Everyone knows that Canada and Russia have been dealing with each other on a lot of issues in the past years. However, both Putin and Harper are racing each other to get the Arctic oil and natural resources.
In a SOFREP article I wrote late last year, I clearly demonstrated the lack of Canadian military infrastructure in our own backyard. Although the Conservative Government has made the Arctic one of Canada’s main priority, our current military can’t and will not be able to protect its sovereignty without the help of the American military through NORAD.
CBC reported that the Canadian F-18s intercepted Russian Tu-95s on at least two different occasions in the month of June alone. We’ve been experiencing these Russian incursions since the start of the Cold War, but with the current Arctic situation, the Canadian government should enforce our airspace and boost our presence in the North.
That being said, National Defence Minister Rob Nicholson told the Parliament about the Russian incursions on June 19th.
“Mr. Speaker, I cannot comment specifically on operational matters, but I can confirm to the House that, yes, we continue to see Russian military activity in the Arctic. The Canadian Armed Forces remain ready and able to respond. In fact, the Royal Canadian Air Force CF-18s were dispatched in recent days in response to Russian aircraft movements.
NORAD has intercepted in excess of 50 Russian military aircraft over the last five years. This clearly demonstrates both our capacity to respond and the need for ongoing vigilance. We will continue to work with our allies to defend Canadian sovereignty.”
Canada has only 77 CF-18s fit for service, while Russia has more than 1,319 fighter/strike aircrafts and 181 bomber aircrafts. What evens the score is the huge number of aircraft in the US Air Force inventory. In fact, the USAF had 5,638 aircraft in service as of September 2012.
The real stake here is the 90 billion barrels of oil, and almost 1,700 trillion cubic feet of natural gas, sitting untapped in the Arctic. Canada has been claiming a huge chunk of the Arctic due to their Inuit citizens, who have lived up North for generations. These Inuit citizens have also been using the sea routes for fishing and travel. However, even with these claims, the Russians will not let the Arctic go easily.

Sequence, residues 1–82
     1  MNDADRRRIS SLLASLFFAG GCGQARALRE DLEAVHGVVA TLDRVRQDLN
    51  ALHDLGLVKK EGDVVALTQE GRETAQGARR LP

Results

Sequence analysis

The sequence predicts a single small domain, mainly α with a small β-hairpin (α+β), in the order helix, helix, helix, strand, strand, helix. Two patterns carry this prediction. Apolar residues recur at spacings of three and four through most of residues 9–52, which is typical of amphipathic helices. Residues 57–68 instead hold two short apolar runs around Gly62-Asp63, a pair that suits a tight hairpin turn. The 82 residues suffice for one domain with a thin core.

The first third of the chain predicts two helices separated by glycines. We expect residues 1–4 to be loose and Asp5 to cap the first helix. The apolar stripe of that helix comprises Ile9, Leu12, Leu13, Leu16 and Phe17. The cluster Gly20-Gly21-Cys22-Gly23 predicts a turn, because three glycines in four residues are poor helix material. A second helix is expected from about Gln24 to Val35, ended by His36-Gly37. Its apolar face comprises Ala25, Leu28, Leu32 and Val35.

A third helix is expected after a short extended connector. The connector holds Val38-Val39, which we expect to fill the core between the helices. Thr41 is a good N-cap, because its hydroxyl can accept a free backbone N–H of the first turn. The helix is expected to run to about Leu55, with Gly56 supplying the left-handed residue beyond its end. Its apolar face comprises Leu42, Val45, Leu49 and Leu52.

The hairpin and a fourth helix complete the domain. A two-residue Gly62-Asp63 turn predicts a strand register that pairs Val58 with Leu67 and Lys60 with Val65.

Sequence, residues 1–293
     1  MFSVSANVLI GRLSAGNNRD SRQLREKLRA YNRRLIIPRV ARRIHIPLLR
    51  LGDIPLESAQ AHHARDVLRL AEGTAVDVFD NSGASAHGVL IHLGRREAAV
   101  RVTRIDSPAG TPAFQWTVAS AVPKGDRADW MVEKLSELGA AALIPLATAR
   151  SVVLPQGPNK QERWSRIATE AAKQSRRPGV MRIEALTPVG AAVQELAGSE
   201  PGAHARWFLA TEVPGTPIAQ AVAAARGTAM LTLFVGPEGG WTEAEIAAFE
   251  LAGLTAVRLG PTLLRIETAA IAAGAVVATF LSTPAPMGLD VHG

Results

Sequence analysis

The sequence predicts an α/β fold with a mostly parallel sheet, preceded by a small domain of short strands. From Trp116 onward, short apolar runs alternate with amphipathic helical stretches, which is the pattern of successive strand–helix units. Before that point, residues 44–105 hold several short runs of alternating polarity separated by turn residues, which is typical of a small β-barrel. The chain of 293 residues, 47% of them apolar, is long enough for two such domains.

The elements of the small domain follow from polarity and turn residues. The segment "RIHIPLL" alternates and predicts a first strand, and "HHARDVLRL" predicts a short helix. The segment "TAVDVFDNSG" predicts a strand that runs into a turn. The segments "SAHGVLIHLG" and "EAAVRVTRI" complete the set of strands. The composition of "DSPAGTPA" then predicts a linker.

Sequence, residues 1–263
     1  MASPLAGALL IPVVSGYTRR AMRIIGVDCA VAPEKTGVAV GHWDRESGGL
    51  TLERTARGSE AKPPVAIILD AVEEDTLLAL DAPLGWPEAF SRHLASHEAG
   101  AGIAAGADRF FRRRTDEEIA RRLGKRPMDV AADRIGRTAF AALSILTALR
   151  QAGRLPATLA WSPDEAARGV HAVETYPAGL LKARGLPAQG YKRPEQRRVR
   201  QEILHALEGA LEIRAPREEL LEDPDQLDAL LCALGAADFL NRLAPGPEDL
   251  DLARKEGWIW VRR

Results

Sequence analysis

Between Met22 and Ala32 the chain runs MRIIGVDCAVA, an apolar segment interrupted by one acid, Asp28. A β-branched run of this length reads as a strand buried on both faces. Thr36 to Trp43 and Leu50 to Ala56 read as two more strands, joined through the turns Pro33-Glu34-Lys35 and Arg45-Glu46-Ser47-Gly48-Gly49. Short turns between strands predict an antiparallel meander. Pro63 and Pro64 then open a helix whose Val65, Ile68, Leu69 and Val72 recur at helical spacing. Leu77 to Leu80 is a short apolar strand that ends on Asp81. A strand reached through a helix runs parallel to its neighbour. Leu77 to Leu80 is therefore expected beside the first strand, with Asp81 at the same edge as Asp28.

Canada must be able to defend the North, and it starts by controlling the airspace and developing a ground presence.
Canada has been struggling with his fighter aircraft renewal program. The purchase of the F-35 Lightning have been slowed down due to numerous problems with the prototypes. It is also important to note that Canada needs great interceptors, due to the numerous Russian incursions, and the F-35 isn’t really a good aircraft for these interception missions. There were also communications problems while the F-35 were flying up North in the first stage of testing.
Another major issue is that fact that Canada is looking into buying the single-engine version. With the extreme temperature in the Arctic, the aircraft are vulnerable to the cold and an engine failure would lead to a crash. Knowing the Canadian Search and Rescue capabilities in the Arctic, as I mention in my SOFREP article, a pilot who would need to eject due to engine problems could face a tragic death. It seems like the Conservative government is not even looking into these problematic situations.
Another example of the conservative government lack of judgement on the Arctic security is the cancellation of a $60 million project that would have provide CANSOFCOM with 17 BvS10, a Medium Tactical Vehicle (MTV) made to give a greater mobility. Dan Blouin, a DND spokesman, confirmed that, “after a thorough examination of the MTV’s capabilities and limitations, training requirements, acquisition and sustainment costs, it was determined that it is not an essential requirement for CANSOFCOM.”
Well-equipped Arctic SOF capabilities would be very useful in case of ground invasion. Those teams could provide Direct Action (DA) and Forward Air Control (FAC) to higher command. We can all agree that a snowmobile provides no armor and has both limited range and limited cargo capacity. SOF teams needs to carry a lot of gear, as they are operating independently most of the time.
The BvS10 can used in a desert environment as well, making them very versatile. CANSOFCOM explained the need for the BvS10, “because currently, there are no in-service armour vehicles that meet the desired requirements and that are capable of operating equally-well in extreme global environments ranging from the Arctic to arid regions.”
Because of the uncertain future in the Arctic, I strongly believe that Canada should invest more in their Arctic capabilities. I really hope that the current government will rethink its policies and will keep its promise to keep our part of the Arctic safe and under the Canadian flag.
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